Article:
Here’s a tip:  Commas can be tricky, but they don’t have to trip you up. Grammarly’s writing assistant can help you make sure your punctuation, spelling, and grammar are tip-top on all your favorite websites. Try Grammarly for free.  Modifying Phrases at the Beginning of Sentences

When to Use Commas After Introductory Prepositional Phrases

When an introductory prepositional phrase is very short (less than four words), the comma is usually optional. But if the phrase is longer than four words, use a comma. Consider the below examples of sentences containing properly placed and omitted commas:

Short prepositional phrase:

Before the movie starts let’s get some popcorn.

Before the movie starts, let’s get some popcorn.

Longer phrase:

After riding his bike around the neighborhood twice, Rob was sweating profusely.

When your introductory phrase actually contains two prepositional phrases, it’s best to use a comma. In the examples below, the introductory phrase contains two prepositional phrases: “during the production” and “of the film.”

During the production of the film the director nearly quit.

During the production of the film, the director nearly quit.

When to Use Commas After Restrictive Appositive Phrases

When the introductory phrase is a restrictive appositive phrase, don’t use a comma to separate it from the main clause. An appositive phrase is a phrase that renames the subject of the sentence. For example, the highlighted phrase in the sentence below is an appositive phrase because it renames the subject:

Kate, an only child
, demands a lot of attention.

There are two types of appositive phrases: restrictive and nonrestrictive. A restrictive appositive phrase is one that is necessary to the meaning of the sentence.

A nonrestrictive appositive phrase isn’t necessary but simply adds information to the sentence.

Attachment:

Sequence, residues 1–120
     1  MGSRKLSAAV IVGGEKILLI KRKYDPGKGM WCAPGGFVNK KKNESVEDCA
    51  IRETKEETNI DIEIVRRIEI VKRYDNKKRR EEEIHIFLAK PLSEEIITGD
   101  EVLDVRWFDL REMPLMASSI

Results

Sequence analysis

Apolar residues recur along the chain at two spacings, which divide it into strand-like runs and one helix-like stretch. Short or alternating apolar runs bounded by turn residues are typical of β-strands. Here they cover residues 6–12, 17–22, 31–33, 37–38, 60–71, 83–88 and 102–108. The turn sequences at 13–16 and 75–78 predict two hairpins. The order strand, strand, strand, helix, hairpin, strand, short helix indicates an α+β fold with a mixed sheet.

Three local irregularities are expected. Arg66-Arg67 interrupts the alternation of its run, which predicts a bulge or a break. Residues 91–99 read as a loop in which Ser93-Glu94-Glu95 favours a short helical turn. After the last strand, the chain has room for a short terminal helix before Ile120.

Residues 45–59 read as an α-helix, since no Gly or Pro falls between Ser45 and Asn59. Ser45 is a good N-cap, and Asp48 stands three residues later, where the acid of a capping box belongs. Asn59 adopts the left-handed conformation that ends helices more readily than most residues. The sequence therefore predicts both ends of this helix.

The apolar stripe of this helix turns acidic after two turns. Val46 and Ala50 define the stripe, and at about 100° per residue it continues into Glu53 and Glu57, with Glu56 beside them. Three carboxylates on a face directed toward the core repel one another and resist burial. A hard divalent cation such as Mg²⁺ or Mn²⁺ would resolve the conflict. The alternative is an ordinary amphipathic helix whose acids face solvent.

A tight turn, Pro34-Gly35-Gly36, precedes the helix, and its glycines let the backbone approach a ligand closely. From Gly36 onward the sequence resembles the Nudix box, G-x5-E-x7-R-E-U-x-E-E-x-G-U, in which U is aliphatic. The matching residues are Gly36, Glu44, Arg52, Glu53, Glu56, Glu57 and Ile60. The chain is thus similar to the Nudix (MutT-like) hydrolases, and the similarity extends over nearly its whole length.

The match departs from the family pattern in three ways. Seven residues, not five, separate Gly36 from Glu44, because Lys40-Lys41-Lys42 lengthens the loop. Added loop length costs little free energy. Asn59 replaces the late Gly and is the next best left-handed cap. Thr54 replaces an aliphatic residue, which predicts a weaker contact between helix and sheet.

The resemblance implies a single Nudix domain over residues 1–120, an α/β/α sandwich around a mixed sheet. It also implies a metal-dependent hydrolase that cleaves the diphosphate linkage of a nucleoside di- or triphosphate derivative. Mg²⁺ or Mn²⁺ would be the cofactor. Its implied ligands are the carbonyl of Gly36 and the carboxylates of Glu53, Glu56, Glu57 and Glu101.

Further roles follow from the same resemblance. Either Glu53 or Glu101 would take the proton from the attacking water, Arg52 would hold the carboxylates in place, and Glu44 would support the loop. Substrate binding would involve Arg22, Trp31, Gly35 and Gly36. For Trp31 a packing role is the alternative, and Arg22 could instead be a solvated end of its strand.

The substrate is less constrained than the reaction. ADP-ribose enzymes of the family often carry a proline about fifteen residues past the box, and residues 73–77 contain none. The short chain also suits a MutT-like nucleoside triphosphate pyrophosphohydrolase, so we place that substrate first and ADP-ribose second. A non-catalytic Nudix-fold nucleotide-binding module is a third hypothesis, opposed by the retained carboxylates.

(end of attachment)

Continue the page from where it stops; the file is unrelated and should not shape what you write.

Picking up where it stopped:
The example appositive phrase above is nonrestrictive because the sentence still makes sense without the phrase; it just doesn’t include as much information. The sentence below, however, contains a restrictive appositive:

The opera singer Maria Callas had myopia.

In this case, the appositive is restrictive because it is necessary for the reader to know which opera singer had myopia. Sometimes, a restrictive appositive phrase acts as an introductory phrase. In these instances, don’t use a comma to separate the phrase from the subject that it renames.

The award-winning teacher, Mrs. Becky Armstrong, was honored at graduation for her impact on students’ lives.

The award-winning teacher Mrs. Becky Armstrong was honored at graduation for her impact on students’ lives.

The rules regarding commas after introductory phrases are complex, but with practice, applying them will become instinctual.

How to Fix Dangling and Misplaced Modifiers (with Examples)

A modifier is a word, phrase, or clause that describes, defines, or qualifies something else in a sentence.

Modifiers include descriptive words such as adjectives and adverbs:

  • She always listened attentively in class.
  • She decided to buy the blue vintage Cadillac.

Modifiers can also be phrases or clauses:

  • Anna smiled when she walked past the bar where she met her husband.
  • Having received a promotion at work, he went out to buy a bottle of champagne.

The most common modifier mistakes are dangling modifiers and misplaced modifiers. Both terms refer to modifiers that are connected to the wrong thing in a sentence.

A misplaced modifier is too far away from the thing it’s supposed to modify, while a dangling modifier’s intended subject is missing from the sentence altogether.

What is a misplaced modifier?

A misplaced modifier is a modifier that is positioned too far away from the word, phrase or clause it is intended to modify and, as a result, appears to be modifying something else.

A misplaced modifier can be fixed by moving it so that it is connected to the right subject.

  • The waiter presented a steak to the guest that was medium rare.
  • The waiter presented a medium-rare steak to the guest.
  • The waiter presented a steak that was medium rare to the guest.

In this example, the misplaced modifier implies that the guest was medium rare. Moving the modifier correctly indicates that it was the steak that was medium rare.

Read more about misplaced modifiers

What is a dangling modifier?

A dangling modifier occurs when the subject of a modifier is missing from the sentence.

Dangling modifiers often take the form of an introductory phrase followed by a clause that doesn’t state the intended subject.

  • Fumbling in her purse, the keys could not be found.
  • Fumbling in her purse, she could not find the keys.
  • As she fumbled in her purse, the keys could not be found.

Adverb Phrase Examples

An adverb phrase is simply a group of two or more words that function as an adverb in a sentence. Just as an adverb can modify a verb, adjective or another adverb, an adverb phrase of more than one word can further describe a verb, adverb, or adjective.